The tower was build between 1230 and 1250 and the reason for its location is as obvious today as it was back then – it’s a great observation point. The top of the hill is green, leafy, and and serene. And the climb up 127 steps from the tower’s base to the viewing platform is well worth it. Red roofs and church steeples, streetcars rumbling along narrow streets, and ancient trees lining even narrower allies. But as great as the view is from above, Durlach only gets better from up close. And there is one thing in particular that makes it so: fountains, fountains everywhere! Read the rest of this entry

Mysteries of the Vatican


St. Peter's SquareWith the conclave electing the new pope about to begin, Vatican is at the center of attention. This tiny state in the Eternal City of Rome occupies only about 44 hectares yet wields tremendous power over the Catholic faithful that stretches around the world. Although Vatican City has existed in its current form only since 1929, its history goes back to the very roots of Christianity as it evolved from a persecuted sect within the Roman Empire to an empire of its own, with popes for centuries equal to kings. Prior to the unification of Italy, popes ruled over the extensive Papal States. Vatican is all that’s left of them today, reducing the pope’s power from considerably temporal, or worldly, to more purely spiritual. Read the rest of this entry

Kraków’s holiday tradition


szopkaChristmas season in Kraków is unforgettable for many reasons. Festive Old Town churches, sausage sizzling in cosy street booths, colorful street decorations, and that special holiday spirit in the air. But there is one thing in particular about the holidays that’s uniquely special to Kraków: szopki, or nativity scenes (singular: “szopka”). What makes them unique? Szopki are not just classic displays of the creche with Baby Jesus, Mary, and Joseph. Rather, they are elaborate structures that include a mix of Kraków’s architectural hallmarks, with a cast of colorful figurines giving homage to the Newborn – or simply going about their business.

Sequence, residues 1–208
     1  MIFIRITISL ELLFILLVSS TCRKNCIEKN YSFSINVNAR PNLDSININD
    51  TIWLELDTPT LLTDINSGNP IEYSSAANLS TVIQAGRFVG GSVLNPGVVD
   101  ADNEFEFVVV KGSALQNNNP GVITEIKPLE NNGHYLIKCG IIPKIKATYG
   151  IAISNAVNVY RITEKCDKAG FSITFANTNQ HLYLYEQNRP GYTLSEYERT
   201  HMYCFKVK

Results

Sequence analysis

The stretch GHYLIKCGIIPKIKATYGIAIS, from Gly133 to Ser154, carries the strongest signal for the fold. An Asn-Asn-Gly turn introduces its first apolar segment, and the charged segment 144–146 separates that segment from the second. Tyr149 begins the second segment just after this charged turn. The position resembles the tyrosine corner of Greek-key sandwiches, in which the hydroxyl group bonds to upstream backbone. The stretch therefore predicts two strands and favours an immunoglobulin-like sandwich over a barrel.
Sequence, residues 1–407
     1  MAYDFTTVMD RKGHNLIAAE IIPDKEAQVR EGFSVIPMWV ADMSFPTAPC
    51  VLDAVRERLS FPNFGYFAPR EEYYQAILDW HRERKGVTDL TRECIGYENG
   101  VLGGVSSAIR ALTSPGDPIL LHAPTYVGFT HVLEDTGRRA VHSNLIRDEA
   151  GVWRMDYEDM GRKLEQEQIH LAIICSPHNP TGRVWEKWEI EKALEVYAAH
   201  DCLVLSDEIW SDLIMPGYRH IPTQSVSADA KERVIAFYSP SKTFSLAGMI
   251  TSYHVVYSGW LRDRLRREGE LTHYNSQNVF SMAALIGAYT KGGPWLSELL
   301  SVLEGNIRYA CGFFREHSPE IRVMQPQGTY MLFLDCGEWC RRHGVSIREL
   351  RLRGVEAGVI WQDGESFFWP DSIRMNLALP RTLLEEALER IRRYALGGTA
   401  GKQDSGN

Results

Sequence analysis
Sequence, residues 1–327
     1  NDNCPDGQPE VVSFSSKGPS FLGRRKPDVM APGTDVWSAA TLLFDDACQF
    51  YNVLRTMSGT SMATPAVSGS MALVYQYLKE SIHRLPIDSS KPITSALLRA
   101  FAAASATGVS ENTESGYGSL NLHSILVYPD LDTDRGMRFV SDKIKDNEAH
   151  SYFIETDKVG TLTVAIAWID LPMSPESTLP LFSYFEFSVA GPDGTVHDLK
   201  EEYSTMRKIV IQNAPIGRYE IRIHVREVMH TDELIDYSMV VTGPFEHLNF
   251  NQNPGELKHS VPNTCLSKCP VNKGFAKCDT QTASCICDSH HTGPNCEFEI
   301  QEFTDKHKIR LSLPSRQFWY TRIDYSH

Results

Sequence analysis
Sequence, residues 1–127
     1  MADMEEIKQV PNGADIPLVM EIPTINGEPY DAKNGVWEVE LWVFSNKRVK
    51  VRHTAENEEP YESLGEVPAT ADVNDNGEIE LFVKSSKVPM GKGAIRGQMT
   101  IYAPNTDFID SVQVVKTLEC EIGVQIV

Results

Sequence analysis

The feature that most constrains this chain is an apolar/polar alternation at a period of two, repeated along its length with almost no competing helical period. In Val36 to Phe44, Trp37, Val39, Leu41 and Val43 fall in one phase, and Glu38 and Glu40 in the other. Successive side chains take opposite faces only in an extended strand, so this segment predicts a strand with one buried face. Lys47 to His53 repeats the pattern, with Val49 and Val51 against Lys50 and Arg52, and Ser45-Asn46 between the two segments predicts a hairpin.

While nativity scenes are common in many countries and date back to St. Francis of Assisi’s 13th century re-enactments of the Christmas story, Kraków szopki are a peculiar twist on that tradition. In their current form they date back to the 19th century when local craftsmen – trying to make a living in a winter season when construction work stopped – started to earn extra income by making the Christmas story come to live in a new way. To preserve the craft, Kraków created an annual competition in 1937 for the most beautiful szkopki. The competition still takes place every year in December at the Main Square and the winners are then displayed in the nearby Krzysztofory Palace. Read the rest of this entry

Polish connection in Rapperswil



Old Town Rapperswil

As a ferry slides along the glistening blue crescent of Lake Zurich, steeples of Grossmünster and Fraumünster churches, and the arch of Quaibrücke slowly fade away in the distance… On both shores, sweet grapes are ripening in sun-drenched vineyards surrounding the idyllic villages with names like Mönchhof or Thalwil. Small motorboats dart from private quays of ridiculously expensive waterfront houses. And the sky above is as blue as the water below – a perfect day for a day trip from Zurich! About two-thirds of the way along the lake the shores narrow and the lake is spanned by a bridge between two peninsulas. On the eastern end of the bridge the town of Rapperswil juts into the lake, anchored by an impressive silhouette of its 13th century castle, Schloss Rapperswil.